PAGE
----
KDB entry on NMI

Marcel Moolenaar marcel at xcllnt.net
Sat Jul 19 17:58:35 UTC 2014

On Jul 18, 2014, at 9:07 AM, Konstantin Belousov <kostikbel at gmail.com> wrote:

> It was mentioned somewhere recently, that typical BIOS today configures
> NMI delivery on the hardware events as broadcast.  When I developerd
> the dmar(4) busdma backend, I indeed met the problem, and wrote a
> prototype which avoided startup of ddb on all cores.  Instead, the patch
> implements custom spinlock, which allows only one core to win, other
> cores ignore the NMI, by spinning on lock.
> The issue which I see on at least two different machines with different
> Intel chipsets, is that NMI is somehow sticky, i.e. it is re-delivered
> after the handler executes iret.  I am not sure what the problem is,
> whether it is due to hardware needing some ACK, or a bug in code.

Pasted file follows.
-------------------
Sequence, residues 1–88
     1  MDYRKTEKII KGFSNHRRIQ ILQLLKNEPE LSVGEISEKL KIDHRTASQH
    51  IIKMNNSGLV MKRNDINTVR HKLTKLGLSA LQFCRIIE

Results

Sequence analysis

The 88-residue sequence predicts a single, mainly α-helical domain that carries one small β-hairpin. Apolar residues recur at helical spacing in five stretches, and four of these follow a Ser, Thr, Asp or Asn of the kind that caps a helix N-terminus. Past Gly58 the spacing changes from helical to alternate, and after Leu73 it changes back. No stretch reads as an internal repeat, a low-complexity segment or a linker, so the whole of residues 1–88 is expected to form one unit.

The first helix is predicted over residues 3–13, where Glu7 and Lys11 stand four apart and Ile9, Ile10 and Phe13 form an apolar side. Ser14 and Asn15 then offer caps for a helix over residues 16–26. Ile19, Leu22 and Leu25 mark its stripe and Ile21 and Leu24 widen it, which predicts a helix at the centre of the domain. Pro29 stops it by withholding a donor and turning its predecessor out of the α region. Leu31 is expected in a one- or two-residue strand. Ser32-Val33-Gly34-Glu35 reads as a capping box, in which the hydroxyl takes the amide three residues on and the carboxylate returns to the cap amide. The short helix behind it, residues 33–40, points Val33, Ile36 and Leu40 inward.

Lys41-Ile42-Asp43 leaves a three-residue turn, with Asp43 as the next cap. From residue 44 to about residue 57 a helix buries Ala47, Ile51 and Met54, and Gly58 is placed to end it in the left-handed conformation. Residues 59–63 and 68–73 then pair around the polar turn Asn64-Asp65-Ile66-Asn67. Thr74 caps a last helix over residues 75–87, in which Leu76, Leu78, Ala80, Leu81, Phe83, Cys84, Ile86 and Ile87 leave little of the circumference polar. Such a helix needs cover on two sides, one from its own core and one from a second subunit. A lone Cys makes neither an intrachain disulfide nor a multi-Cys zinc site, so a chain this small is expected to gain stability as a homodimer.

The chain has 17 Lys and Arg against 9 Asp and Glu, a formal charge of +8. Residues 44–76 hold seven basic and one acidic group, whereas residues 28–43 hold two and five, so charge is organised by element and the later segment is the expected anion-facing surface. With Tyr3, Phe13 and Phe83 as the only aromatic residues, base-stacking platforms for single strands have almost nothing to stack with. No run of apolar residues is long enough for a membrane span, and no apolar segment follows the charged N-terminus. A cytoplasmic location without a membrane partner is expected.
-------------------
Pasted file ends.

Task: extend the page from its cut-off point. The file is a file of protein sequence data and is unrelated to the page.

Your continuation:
> Anyway, even on two-cores machine, having both cores simultaneously
> enter NMI makes the use of ddb impossible, so I believe the patch is
> improvement.  I make measures to ensure that reboot from ddb prompt
> works.
> Thought ?

One may call kdb_enter on different CPUs at the same time and it's
also possible to call panic on multiple CPUs at the same time (but
we serialize panic() right now). What if we let kdb_enter at al deal
with concurrency, instead of doing it specifically for NMIs?

Also: we may want to do something else than going to the debugger
when we see an NMI. More complexity in the NMI handler and specific
to entering the debugger seems to move us away from doing other
things more easily.

Aside: I've always wanted to have the ability to have the kernel
debugger switch to a different CPU so that you can create DDB
commands that dump hardware resources like TLBs, etc. To support
this, you want the KDB layer to have good CPU handling, which
possibly makes it also a good place to handle concurrent entry
into the debugger from different CPUs.


Marcel Moolenaar
marcel at xcllnt.net

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